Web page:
Recent advances in innovative energy storage devices such as supercapacitors have made battery-supercapacitor hybrid energy storage systems technically attractive. However the field of hybrid energy storage system control is relatively new, involving the major challenge of developing control techniques optimised for improved battery-life or other performance metrics.This thesis presents the design and analysis of an actively controlled hybrid energy storage system. Detailed information is given regarding the system implementation and dynamic controls developed as a part of the research. Novel use of the sliding-mode or hysteretic current-controlled DC/DC converter is shown to provide a versatile and robust power electronic building block for the power-control hardware implementation. Current state of the art in the field has converged around a frequency-domain approach to the overall power sharing strategy within hybrid energy storage systems employing batteries and high-power, low-energy density storage such as supercapacitors, with benefits in terms of reduced battery current maxima and an (un-quantified) increase in battery life having been reported.This research extends previous studies by considering the frequency-domain approach in further detail and providing quantitative simulation results confirming how an estimated increase in battery cycle-life of ~18% can be achieved. A systematic simulation framework used for the development and assessment of novel hybrid energy storage system control strategies is described and demonstrated in the context of a remote wind power application. The hardware design of all systems considered is described in detail and demonstrated by experiment.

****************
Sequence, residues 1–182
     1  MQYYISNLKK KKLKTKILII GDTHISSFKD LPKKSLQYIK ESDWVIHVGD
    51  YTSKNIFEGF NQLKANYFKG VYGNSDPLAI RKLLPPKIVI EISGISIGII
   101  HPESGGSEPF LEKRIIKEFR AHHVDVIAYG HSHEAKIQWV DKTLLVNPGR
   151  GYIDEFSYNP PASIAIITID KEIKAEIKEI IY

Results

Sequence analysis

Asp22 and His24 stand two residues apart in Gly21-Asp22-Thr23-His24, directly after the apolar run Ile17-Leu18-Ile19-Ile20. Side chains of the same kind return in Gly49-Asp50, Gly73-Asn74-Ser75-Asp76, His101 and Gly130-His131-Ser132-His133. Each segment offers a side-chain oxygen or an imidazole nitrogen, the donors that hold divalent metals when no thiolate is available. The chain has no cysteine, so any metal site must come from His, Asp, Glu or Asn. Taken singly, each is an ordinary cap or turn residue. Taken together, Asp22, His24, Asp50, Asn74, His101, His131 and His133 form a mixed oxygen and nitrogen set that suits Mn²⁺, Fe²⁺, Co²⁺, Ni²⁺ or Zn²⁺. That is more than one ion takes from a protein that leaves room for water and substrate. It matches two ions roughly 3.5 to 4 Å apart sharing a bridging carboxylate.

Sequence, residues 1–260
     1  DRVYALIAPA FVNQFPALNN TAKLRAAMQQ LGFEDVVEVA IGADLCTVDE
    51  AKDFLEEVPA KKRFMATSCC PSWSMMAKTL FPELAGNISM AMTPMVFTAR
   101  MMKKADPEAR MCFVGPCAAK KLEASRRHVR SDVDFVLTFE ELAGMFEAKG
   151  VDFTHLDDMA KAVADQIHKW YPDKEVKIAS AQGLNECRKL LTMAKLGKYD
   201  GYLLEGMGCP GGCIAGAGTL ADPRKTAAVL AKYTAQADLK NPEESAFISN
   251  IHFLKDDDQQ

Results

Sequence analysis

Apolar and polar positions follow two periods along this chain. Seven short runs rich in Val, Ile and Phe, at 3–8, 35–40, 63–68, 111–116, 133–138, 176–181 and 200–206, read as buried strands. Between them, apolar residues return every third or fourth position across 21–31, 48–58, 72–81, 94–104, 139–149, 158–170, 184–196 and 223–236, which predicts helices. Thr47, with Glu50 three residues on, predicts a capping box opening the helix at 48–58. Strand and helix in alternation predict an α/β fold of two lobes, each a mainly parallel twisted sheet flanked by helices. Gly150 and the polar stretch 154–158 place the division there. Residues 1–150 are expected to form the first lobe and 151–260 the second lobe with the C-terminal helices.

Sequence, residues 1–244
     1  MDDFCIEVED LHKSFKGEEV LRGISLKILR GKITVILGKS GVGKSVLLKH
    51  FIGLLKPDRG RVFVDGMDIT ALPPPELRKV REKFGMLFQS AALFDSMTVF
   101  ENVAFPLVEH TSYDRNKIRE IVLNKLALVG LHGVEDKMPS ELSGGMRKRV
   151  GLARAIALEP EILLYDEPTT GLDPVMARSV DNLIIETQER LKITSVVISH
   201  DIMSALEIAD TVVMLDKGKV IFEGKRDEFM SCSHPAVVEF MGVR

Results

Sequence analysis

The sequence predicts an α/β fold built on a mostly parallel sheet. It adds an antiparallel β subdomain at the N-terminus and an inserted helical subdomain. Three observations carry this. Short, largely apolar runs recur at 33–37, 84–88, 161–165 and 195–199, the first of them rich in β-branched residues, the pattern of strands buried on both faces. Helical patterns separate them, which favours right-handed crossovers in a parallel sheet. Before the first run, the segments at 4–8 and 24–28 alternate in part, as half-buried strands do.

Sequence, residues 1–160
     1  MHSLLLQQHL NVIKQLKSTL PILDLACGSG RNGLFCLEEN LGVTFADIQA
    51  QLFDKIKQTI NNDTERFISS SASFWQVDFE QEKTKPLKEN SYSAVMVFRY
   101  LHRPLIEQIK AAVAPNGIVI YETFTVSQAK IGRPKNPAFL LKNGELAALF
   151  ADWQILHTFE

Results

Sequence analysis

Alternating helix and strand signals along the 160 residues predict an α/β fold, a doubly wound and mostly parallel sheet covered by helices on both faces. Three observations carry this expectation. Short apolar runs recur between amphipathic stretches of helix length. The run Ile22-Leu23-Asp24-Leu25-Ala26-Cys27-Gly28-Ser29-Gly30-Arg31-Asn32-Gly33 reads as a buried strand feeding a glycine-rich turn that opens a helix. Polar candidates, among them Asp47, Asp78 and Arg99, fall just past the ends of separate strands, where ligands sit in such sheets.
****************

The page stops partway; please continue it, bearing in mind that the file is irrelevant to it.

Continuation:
|Date of Award||8 Oct 2012|
|Supervisor||Roderick Dunn (Supervisor) & Francis Robinson (Supervisor)|
- energy storage
- wind power